August 31st, 2004 - Open Knowledge
Aug. 31st, 2004
01:36 am - Distributed Library Project
What is the DLP?
The Distributed Library Project is an experiment in sharing information and building community in the Triangle Area.
Unfortunately, the traditional library system doesn't do much to foster community. Patrons come and go, but there is very little opportunity to establish relationships with people or groups of people. In fact, if you try to talk with someone holding a book you like - you'll probably get shushed. The Distributed Library Project works in exactly the opposite way, where the very function of the library depends on interaction.
How does it work?
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02:36 am - Tool Lending Libraries
Via Kevin Kelly's always enlightening Cool Tools:
A decade ago some community librarians in California initiated a great idea: why not lend tools as well as books? The idea slowly spread to a couple of dozen other US towns, but the most active and well-stocked tool libraries are still in the Bay Area -- one in Berkeley, Oakland and San Francisco. The typical tool lending library offers basic hand tools, and a selection of garden, landscaping and construction tools. The hot items with waiting lists at the San Francisco Tool Lending Library (now in the middle of a move to a new location on Howard Street) are heavy duty power tools. The top four borrowings are: an electric jack hammer, a drain snake for clearing sewage lines, an electric weed wacker (the library only deals with electrical tools, no gas), and rotary impact drills. There are racks of shovels, rakes, stampers, crow bars, pliers, and the usual shop tools, but the Saws-alls, belt sanders, wet tile saws, and other not-so-often needed tools get the most rotation. Many of these occasional tools are what you might find at a tool rental shop; indeed anyone with a city library card -- including contractors -- can, and do, borrow tools for the maximum 3 days.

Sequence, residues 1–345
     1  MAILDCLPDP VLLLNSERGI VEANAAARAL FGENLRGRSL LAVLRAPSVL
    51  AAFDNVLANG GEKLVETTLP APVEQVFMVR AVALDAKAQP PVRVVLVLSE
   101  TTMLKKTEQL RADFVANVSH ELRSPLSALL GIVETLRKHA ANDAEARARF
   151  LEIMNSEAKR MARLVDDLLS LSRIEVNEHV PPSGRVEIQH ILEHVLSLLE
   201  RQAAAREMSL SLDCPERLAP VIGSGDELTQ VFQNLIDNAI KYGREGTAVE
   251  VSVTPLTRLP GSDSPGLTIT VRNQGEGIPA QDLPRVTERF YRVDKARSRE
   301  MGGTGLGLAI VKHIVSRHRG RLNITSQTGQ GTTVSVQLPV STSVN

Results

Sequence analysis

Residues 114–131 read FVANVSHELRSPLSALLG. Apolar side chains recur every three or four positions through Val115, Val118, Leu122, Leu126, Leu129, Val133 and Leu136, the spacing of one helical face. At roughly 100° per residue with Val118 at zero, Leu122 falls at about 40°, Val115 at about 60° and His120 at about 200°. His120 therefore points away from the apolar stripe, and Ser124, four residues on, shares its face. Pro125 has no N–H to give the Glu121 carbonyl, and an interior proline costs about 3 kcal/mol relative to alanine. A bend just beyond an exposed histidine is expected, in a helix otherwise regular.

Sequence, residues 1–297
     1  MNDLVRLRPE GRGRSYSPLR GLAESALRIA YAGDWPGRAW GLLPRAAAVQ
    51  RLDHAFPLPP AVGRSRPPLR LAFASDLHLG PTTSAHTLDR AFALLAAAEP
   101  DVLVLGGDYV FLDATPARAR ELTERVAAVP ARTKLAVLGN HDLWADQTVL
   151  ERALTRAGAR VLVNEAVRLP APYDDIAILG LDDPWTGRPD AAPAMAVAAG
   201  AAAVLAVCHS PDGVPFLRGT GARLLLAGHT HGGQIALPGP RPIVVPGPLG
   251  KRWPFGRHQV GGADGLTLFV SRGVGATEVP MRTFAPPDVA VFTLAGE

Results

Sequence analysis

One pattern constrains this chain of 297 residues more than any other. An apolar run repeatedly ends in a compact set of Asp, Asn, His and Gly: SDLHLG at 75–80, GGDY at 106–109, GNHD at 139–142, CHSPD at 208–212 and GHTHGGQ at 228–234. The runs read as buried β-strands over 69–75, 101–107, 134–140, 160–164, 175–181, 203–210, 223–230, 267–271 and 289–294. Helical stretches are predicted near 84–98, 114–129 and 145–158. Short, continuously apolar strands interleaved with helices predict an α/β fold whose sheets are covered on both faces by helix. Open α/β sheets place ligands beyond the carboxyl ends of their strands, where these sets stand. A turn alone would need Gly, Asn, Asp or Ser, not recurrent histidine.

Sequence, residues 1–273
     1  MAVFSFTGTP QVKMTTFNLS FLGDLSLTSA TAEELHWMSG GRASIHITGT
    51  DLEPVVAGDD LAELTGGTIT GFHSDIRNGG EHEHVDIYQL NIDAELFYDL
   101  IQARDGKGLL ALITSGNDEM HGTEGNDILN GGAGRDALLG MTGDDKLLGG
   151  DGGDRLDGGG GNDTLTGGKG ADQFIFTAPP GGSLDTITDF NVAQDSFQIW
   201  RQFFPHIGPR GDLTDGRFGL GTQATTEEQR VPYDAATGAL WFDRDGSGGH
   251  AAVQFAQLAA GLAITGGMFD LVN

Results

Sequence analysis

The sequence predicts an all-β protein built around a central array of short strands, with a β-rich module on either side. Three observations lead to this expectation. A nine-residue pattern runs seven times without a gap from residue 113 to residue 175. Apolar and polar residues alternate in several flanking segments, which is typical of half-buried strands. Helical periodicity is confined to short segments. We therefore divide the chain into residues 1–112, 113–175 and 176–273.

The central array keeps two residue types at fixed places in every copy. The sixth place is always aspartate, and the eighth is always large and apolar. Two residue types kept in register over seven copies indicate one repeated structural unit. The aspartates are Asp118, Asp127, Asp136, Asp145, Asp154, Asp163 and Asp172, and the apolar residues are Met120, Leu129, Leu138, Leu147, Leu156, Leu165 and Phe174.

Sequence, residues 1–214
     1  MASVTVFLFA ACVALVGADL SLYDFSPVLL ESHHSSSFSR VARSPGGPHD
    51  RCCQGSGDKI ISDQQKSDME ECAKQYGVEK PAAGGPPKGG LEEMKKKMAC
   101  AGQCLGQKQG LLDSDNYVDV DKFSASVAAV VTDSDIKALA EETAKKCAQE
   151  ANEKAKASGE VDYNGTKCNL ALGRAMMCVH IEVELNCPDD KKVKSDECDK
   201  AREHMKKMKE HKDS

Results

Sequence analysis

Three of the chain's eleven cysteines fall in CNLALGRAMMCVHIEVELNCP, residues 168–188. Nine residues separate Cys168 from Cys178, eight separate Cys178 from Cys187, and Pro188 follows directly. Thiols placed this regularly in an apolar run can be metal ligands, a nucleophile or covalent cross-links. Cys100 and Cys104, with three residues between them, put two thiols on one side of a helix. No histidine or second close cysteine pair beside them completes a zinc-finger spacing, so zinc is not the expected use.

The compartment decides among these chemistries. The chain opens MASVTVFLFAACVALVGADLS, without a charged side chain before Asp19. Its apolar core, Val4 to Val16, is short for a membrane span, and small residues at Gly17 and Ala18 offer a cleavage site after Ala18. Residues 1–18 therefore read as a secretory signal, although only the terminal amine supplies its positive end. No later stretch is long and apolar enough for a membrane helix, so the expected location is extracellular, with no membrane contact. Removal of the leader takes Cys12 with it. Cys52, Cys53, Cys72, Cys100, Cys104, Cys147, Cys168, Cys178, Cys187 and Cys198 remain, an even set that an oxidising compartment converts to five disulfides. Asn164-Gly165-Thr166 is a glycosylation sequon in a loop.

Lending tools, like planting trees, is unalloyed goodness. Tool Lending Libraries are a great idea that should be duplicated everywhere. The biggest cost is not the tools but the liability insurance for the power tools. Patrons are pretty good at returning things in good order -- they want to be able to use 'em again.
I'm going to enter my books into the Distributed Library Project, but I have a lot of books, so I'd like to enter in those that people want most. What are the top five books or movies you want to read/see?
Opponent of immigration often cite the negative externalities that Hispanic immigrants impose on the rest of us as reason to deport them.
However, if it's worth preventing Mexicans from crossing the border, would not the same logic apply to preventing Mexicans from crossing vaginas? Yet, you rarely hear immigration foes calling for compulsory birth control.
Also, if the negative externalities are the issue, why export only Mexicans? After all, native born poor blacks also impose similar externalities. Shouldn't we also have a policy of exporting them back to Africa?
And why stop at national borders? If it's good prevent Hispanics from entering the U.S., then it should also be good to prevent them from leaving the states where they are already concentrated. Perhaps we should have a policy of internal border control?
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